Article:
This home in the Crown Heights North Historic District looks to be another fine example of the work of prolific architect Axel Hedman, who designed hundreds of Brooklyn row houses including many on this stretch of Prospect Place. The interior is rich with woodwork including a pier mirror, fretwork, built-ins, pocket doors and mantels.
On the exterior, the Renaissance Revival style of 1092 Prospect Place, with its rusticated basement, full-height angled bay, foliate ornamentation and bracketed cornice above a pressed-metal frieze, is in keeping with the row, all completed around 1901. Eli H. Bishop, a successful builder and developer of houses across the borough, constructed more than two dozen houses on the block and at least some houses in the row were originally built as two-families, according to Brownstoner’s Suzanne Spellen. Bishop was advertising recently completed two-family houses on the street in 1901 with the enticement of dressers, buffets, window seats, closets and two bathrooms.
No. 1092 is still a two-family with a top floor rental and owner’s duplex below. The detail starts at the foyer with wood floors, wainscoting and an original stair with a fretwork screen and continues into the triple parlor. The aforementioned pier mirror is in the front and another fretwork screen leads to the middle parlor. In the rear parlor, there is a built-in with a mirror and leaded glass doors, as well as a mantel with original tile-work and insert.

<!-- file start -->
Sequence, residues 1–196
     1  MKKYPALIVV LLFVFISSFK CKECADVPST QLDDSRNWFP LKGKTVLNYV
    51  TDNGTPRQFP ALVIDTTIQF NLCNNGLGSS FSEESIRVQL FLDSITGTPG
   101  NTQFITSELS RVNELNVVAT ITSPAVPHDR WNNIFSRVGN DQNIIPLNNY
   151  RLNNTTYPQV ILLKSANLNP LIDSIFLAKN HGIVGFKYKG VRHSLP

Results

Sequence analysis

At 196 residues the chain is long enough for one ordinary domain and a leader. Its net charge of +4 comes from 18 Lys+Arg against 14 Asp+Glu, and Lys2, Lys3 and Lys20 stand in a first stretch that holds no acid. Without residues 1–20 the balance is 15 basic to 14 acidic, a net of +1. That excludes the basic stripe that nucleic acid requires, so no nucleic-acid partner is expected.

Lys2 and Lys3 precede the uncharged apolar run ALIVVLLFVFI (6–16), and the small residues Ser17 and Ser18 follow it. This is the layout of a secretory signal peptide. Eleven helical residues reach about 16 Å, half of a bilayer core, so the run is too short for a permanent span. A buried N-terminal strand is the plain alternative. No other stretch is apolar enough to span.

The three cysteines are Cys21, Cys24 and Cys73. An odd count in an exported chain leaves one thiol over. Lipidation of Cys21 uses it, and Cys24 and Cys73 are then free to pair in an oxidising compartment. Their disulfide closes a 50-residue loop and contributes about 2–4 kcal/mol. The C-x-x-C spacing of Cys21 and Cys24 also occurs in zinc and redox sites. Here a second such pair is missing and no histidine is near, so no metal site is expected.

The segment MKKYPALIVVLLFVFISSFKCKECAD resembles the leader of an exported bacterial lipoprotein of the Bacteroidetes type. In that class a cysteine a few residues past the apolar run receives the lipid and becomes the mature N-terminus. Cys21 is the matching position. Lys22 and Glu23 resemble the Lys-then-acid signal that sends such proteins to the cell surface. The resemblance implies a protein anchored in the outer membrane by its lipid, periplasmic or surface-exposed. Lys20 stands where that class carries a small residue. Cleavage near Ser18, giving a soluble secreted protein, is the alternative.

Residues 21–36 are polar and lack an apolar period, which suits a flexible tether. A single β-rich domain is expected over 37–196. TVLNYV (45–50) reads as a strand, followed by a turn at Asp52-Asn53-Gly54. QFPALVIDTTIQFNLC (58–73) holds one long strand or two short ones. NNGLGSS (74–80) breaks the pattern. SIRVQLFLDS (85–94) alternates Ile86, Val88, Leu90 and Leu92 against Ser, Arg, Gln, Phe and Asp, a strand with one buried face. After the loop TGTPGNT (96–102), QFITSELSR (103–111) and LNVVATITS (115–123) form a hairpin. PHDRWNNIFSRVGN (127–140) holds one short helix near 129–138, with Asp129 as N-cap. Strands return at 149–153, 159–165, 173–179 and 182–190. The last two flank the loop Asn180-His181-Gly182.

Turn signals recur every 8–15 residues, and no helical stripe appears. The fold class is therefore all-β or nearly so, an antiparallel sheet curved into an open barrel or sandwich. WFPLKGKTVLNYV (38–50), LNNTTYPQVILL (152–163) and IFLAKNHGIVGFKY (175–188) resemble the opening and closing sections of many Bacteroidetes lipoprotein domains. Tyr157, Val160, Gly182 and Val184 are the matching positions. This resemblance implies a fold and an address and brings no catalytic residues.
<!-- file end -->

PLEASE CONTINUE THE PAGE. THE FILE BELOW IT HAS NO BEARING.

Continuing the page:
On the garden level, there is a dropped ceiling but there is also wainscoting, a built-in and another mantel. The large kitchen at the rear of the garden level with its recessed lighting and tile floor is a bit of a contrast but the wood cabinets are plentiful as is the counter space.
The top floor unit has more original detail, including the wood floors with inlaid border and three more mantels. The windowed kitchen appears recently renovated with gray cabinets and a white countertop.
There aren’t any floor plans included in the listing currently, but it notes there are a total of four beds and 2.5 baths.
The house has been in the same family since the early 1970s, not that long after the block got a redesign by I.M. Pei and became a bit of design history as part of the 1960s Superblocks program.
Priced at $1.925 million, the property is listed with Tricia Lee of Compass. Worth the ask?
- Find Your Dream Home in Brooklyn and Beyond With the New Brownstoner Real Estate
- Brooklyn Heights Federal-Style Row House With Alice Ireys-Designed Garden Asks $7.495 Million
- Clinton Hill Estate-Condition Italianate Overflowing With Original Details Asks $2.795 Million
Sign up for amNY’s COVID-19 newsletter to stay up to date on the latest coronavirus news throughout New York City. Email firstname.lastname@example.org with further comments, questions or tips. Follow Brownstoner on Twitter and Instagram, and like us on Facebook.